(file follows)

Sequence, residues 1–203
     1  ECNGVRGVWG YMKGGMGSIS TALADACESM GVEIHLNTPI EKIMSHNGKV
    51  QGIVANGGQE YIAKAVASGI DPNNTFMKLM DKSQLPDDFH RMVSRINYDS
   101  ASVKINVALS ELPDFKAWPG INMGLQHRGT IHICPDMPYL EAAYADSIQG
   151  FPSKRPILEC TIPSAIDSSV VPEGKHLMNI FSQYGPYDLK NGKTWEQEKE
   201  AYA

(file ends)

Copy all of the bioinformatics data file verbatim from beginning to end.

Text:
Sequence, residues 1–203
     1  ECNGVRGVWG YMKGGMGSIS TALADACESM GVEIHLNTPI EKIMSHNGKV
    51  QGIVANGGQE YIAKAVASGI DPNNTFMKLM DKSQLPDDFH RMVSRINYDS
   101  ASVKINVALS ELPDFKAWPG INMGLQHRGT IHICPDMPYL EAAYADSIQG
   151  FPSKRPILEC TIPSAIDSSV VPEGKHLMNI FSQYGPYDLK NGKTWEQEKE
   201  AYA